With the survivors in mourning, the new baby had his brit milah: He was named Ari Yosef, after his grandfather. At the brit, the ancient words resonated: “I saw you downtrodden in your blood. And I said to you, ‘In your blood, live!’ And He remembered His covenant …”
In Israel, tragedies don’t fade away, they live next door. The Fogels lived in Itamar, in a house quiet and dark on a Shabbat night in 2011 when a killer was lured by the quiet, not the laughing. Ehud and Ruth Fogel, and their three children, were stabbed to death. Ehud’s parents, Gila and Chaim Fogel, “live in Halamish,” said Michal. “I talk to them. Our situations were very similar.”
Michal lives in the village of Elad (her husband and village shared a name). Next door lives the family of Eyal Yifrach, one of the three boys kidnapped and murdered by Palestinians near Gush Etzion in 2014.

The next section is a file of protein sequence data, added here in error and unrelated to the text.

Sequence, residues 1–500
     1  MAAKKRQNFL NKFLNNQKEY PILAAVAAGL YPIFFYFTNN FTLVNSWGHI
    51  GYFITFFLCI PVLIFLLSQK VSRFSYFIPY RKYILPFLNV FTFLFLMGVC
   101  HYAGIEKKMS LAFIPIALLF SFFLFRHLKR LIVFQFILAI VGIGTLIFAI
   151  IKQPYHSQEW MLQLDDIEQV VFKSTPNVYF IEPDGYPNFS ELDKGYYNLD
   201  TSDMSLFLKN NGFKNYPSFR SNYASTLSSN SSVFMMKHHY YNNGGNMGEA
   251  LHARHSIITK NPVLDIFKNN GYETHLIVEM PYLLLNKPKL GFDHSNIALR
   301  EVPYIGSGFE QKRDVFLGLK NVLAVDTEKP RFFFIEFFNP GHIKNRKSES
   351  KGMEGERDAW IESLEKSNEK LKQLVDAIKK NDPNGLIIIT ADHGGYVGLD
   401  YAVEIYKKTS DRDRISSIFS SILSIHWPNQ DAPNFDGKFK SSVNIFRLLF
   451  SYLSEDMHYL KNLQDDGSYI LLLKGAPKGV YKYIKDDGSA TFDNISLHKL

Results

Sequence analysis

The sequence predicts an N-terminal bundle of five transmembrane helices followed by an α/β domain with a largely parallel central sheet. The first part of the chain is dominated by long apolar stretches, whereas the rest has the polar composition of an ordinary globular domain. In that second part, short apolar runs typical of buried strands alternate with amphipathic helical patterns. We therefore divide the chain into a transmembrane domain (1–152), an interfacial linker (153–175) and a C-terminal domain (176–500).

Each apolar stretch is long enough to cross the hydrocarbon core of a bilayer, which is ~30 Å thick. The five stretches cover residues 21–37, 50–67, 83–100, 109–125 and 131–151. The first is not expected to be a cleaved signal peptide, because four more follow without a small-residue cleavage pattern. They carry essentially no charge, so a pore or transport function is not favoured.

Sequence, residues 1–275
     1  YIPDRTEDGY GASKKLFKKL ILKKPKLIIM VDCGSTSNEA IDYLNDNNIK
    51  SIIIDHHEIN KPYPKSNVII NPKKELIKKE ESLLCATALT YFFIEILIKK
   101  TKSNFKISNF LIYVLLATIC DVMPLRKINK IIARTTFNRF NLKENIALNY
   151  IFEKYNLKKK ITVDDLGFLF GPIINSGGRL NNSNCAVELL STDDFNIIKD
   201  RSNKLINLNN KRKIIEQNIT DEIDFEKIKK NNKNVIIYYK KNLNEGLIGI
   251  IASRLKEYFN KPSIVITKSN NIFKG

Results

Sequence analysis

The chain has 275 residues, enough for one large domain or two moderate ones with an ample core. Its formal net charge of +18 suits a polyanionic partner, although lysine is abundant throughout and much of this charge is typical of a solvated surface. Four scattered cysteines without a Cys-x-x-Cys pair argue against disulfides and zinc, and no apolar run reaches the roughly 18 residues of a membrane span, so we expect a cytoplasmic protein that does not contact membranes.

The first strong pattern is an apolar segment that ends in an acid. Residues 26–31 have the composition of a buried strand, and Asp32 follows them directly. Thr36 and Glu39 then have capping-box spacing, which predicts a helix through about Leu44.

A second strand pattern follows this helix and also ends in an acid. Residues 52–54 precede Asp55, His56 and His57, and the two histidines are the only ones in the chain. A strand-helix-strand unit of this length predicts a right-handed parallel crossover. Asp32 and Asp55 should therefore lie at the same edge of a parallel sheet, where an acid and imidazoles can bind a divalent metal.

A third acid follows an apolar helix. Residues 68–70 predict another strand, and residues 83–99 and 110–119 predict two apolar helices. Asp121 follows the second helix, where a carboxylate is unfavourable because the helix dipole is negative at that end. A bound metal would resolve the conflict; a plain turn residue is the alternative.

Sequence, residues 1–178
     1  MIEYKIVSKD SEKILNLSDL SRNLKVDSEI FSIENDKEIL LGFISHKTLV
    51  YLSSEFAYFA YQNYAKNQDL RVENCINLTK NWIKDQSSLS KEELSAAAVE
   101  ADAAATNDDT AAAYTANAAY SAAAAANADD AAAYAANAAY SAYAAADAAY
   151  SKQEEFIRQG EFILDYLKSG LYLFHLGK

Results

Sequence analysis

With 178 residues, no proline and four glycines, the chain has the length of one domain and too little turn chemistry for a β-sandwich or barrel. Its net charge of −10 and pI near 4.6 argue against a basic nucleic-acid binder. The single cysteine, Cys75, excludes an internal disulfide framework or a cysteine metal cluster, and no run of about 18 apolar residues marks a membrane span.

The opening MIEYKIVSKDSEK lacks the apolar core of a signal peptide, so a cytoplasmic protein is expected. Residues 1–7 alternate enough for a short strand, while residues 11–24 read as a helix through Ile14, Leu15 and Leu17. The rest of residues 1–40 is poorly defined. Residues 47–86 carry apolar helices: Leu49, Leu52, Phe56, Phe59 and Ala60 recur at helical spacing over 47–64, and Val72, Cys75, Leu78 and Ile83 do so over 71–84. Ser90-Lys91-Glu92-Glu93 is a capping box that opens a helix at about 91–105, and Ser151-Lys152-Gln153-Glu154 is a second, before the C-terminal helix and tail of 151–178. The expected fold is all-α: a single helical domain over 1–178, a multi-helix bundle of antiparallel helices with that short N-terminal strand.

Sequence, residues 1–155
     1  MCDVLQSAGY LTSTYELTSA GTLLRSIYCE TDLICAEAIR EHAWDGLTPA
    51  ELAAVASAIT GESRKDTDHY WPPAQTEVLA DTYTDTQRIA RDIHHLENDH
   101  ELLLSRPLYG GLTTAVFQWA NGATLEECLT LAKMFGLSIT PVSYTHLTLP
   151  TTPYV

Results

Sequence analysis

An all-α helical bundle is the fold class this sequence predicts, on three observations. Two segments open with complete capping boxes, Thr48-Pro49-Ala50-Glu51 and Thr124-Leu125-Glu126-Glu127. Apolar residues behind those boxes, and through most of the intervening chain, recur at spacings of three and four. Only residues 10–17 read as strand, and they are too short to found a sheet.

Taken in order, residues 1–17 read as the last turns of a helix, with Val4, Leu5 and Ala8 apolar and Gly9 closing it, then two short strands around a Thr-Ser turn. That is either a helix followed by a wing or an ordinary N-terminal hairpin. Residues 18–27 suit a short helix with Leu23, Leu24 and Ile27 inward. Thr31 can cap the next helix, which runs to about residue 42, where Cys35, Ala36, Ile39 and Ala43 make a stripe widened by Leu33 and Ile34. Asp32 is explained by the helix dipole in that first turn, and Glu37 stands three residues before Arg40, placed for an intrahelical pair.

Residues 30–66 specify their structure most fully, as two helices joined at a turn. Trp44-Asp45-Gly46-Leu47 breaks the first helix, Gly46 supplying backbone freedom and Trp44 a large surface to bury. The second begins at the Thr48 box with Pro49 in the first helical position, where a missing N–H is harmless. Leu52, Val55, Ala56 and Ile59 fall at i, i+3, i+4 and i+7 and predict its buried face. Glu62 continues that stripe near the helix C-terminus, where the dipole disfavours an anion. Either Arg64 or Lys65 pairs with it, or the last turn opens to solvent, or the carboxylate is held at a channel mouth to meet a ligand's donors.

On Aug. 16, Israeli forces demolished the Abed family home. Other Palestinians gave the Abed family money to rebuild. Said Michal, “Their house can be rebuilt; my home is destroyed forever.”
“He left me five gifts. I see Elad in each of them.”
Michal told us, “I have received so much strength from people I didn’t know.” U.S. Ambassador David Friedman made a shiva call, tweeting his “disgust for the terrorist act that killed a family at their Shabbat table.” Rabbi Steven Exler of the Hebrew Institute of Riverdale, and Rabbi Hershel Billet and Rebbetzin Rookie Billet of the Young Israel of Woodmere, visited Michal, as well. Rabbi Billet recognized the neighborhood from his shiva call to the parents of Eyal Yifrach.